I believe scientists are people; they are like everyday people. Anyone can be a scientist…. Before I used to think that scientists were rigid people who wore lab coats and didn't talk to anyone [laughs] but from the class and from the responses we got from the e-mails I see that scientists are “people persons,” everyday people; meaning they didn't have to be super-geniuses or really up in status to become a scientist; with connections or anything like that. (S1)I definitely have changed my perspective of scientists. Before I thought being a scientist was a job where you were antisocial; cooped up in a lab, and that's it. And I always figured people who become scientists are not “people people,” and I don't think that any more. (S11)I got to see they're like everyone else…. Growing up, you think of scientists as geniuses like Einstein or whatever—but they have a job just like anyone else, and the concepts aren't that difficult … anyone could think of another experiment. You don't have to have a super-high IQ. It's just thinking up the work and being truthful with the data and not tweaking your results to match what you want it to be, but just coming up with a hypothesis, running the experiments, writing the data as you see it and trying to analyze it as best as possible. (S4)
Increased interest in becoming a scientist
I think I'm a little bit more confident that I could do it if I really wanted to go in that direction. I think the human aspect of it and the way that research is carried out by individuals, that whole experience has changed for me. I feel that if I wanted to do it I could. Like, there's somany people that help you along the way and get you started, and just the whole thought process, to think of experiments and to do them, is interesting to me. (S8)I feel like this course … has made me become less intimidated…. because these people are just like you and I—you can sit here and wonder why the sky is blue—and you take your question and you put it to the test…. This course has definitely helped me with knowing that scientists are just people, just like you and I. Whatever work they're doing…. I can do it myself, you know? … I'm not a scientist, [but I'm] contemplating if I should be!…I'm starting to like research. What I love about it is the creative part of it. And I'm questioning…. can I still have that while being a medical doctor? This class has kind of changed my life in a way. (S3)I myself could be a scientist now. Before I was like “[Only] some kinds of people can be scientists” and it has to be like these geniuses, who were, you know, like eight times smarter—I learned that it can be anybody. Anyone can be a scientist; it has to do with having a passion to do research, and just a drive, and not to get bogged down by failed experiments and things not going right, but just to go through a process, because there's a thinking process you have to go through, of elimination, and trying, and experimenting. (S5)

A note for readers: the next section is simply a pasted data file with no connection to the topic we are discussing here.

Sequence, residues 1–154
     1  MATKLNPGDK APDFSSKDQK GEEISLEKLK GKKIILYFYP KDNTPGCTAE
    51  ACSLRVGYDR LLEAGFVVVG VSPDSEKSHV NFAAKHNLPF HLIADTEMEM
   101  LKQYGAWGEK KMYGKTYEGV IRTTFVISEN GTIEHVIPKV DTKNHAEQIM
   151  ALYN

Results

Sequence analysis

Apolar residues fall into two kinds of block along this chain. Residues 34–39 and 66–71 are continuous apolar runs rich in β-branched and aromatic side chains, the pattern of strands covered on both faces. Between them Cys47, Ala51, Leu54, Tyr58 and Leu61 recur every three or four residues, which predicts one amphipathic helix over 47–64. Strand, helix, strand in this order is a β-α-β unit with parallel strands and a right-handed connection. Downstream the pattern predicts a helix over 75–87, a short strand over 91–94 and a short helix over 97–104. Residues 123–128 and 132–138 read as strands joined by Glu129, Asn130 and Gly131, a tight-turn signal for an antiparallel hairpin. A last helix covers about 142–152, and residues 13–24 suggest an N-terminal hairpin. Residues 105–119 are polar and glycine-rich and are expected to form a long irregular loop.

• Representative comments of CREATE students about the CREATE approach and its effect on their views of science and their own abilities. Interviews lasting ∼20 min were conducted at the end of the semester and audiotaped. Interview questions examined students' overall reaction to the CREATE approach, whether the course had affected their ability to “think like a scientist,” whether their views of science or scientists had changed over the course of the semester, whether their scientific reading skills had been affected, and whether their confidence in their ability to participate in science research had changed. We made transcripts of the interviews from the first class and used a constant comparison approach to categorize responses on the basis of broad themes that emerged in multiple interviews (Glaser and Strauss 1967; Novak 1998; Ary et al. 2002). We then analyzed interviews of subsequent cohorts on the basis of the similarity to or difference from the initially defined emergent categories (centered headings). The number following each quote corresponds to a distinct student (S) participant. Class 1: n = 12; class 2: n = 13; class 3: n = 12.